Recent and rising frequency of food scares around the world and in Asia have demonstrated the potential dire consequences of contamination. Every year in the United States alone, 48 million people suffer food-borne illnesses, more than 100,000 are hospitalized and thousands die.
The ability to implement a quick, selective crisis response is vital to the survival of your company and your brand, and is absolutely critical to protecting the health of your consumers in the event of an accidental contamination. As production and supply chain networks become more complex, cover greater distances and involve more suppliers, exposure to risk grows exponentially.
Better upstream and downstream traceability enables companies to carry out smaller, more targeted recalls that limit public health risk and minimise the revenue and cost impacts in times of crisis. The time required to identify the root cause of a contamination can be reduced from weeks to hours.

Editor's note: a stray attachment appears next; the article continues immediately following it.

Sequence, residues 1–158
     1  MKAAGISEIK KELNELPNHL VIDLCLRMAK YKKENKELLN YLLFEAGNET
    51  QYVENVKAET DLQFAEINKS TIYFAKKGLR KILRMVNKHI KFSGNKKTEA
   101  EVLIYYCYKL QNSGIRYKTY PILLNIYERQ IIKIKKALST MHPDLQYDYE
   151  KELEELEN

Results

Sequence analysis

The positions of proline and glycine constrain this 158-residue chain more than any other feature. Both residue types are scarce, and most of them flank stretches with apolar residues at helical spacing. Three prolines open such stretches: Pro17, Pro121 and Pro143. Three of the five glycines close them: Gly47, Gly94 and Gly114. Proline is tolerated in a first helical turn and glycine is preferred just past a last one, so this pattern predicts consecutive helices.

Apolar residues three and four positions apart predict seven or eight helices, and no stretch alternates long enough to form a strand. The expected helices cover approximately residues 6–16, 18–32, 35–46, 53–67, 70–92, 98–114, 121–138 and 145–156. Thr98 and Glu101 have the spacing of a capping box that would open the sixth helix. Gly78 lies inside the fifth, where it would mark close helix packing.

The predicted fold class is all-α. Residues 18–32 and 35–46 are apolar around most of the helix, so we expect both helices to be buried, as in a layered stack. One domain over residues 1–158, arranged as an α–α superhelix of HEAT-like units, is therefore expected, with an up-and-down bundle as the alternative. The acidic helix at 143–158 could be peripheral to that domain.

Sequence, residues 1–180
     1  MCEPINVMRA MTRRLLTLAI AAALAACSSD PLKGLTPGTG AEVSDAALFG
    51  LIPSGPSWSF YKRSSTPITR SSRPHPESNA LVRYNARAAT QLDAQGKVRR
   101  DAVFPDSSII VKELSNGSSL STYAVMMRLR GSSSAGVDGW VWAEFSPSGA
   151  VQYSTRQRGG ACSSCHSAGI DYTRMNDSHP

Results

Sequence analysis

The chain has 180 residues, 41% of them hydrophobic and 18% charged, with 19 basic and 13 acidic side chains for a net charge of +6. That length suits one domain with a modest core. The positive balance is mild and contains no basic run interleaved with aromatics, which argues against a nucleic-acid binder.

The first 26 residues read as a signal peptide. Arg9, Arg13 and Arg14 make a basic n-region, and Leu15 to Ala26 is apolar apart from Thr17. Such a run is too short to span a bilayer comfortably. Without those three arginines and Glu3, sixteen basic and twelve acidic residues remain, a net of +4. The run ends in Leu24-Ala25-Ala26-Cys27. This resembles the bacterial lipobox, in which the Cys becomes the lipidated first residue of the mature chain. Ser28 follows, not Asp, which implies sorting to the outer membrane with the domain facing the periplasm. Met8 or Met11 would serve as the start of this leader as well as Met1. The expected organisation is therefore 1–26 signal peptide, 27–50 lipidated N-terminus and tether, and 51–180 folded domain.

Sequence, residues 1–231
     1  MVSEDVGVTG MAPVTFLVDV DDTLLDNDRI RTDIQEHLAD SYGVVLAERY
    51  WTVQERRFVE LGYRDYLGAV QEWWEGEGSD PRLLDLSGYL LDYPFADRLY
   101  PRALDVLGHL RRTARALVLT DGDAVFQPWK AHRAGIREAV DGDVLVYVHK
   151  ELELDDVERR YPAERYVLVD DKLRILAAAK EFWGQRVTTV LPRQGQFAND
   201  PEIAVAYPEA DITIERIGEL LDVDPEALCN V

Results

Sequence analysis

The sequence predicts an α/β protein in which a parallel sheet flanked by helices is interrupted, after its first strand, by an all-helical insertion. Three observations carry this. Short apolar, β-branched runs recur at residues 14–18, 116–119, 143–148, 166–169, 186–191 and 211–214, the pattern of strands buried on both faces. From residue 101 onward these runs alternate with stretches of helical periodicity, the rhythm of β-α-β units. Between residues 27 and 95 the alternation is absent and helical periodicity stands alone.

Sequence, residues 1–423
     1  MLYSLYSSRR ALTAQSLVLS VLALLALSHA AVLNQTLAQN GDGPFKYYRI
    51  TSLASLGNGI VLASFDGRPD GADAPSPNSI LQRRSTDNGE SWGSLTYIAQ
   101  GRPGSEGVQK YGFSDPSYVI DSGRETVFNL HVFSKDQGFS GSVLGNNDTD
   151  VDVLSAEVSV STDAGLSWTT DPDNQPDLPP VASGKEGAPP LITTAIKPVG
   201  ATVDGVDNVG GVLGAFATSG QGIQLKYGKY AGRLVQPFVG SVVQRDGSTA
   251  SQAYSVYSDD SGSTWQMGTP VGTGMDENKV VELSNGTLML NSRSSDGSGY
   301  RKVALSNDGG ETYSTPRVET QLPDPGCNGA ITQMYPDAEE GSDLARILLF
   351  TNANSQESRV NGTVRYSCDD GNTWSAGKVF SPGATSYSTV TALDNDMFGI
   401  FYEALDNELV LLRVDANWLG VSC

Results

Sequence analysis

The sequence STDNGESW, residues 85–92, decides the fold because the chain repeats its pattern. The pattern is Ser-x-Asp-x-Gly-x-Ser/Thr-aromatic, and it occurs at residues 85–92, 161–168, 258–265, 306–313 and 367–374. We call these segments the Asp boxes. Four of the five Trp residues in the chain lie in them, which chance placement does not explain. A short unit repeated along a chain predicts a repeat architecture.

With thorough visibility, will deliver working capital efficiencies and illuminate cost reduction opportunities. Visibility enables companies to know at any given time where a product is in the supply chain. This enhances decision making agility for production and distribution decisions.
Food supply chain visibility is increasingly a standard expectation for consumers, especially with an emerging middle class. Many companies, however, still have conspicuous visibility gaps in their food supply chains. The more agents that food passes through on its way to the consumer, the more information is lost. Vertical integration may reduce the number of entities involved in the process, but even among related parties, visibility requires robust controls and management systems.
Importantly, implementing an effective visibility regime builds on supply chain optimisation and supply chain risk frameworks, with particular emphasis on inventory and transportation management.
Partner, Southeast Asia Food Trust Leader, PwC Singapore
Tel: +65 9756 2123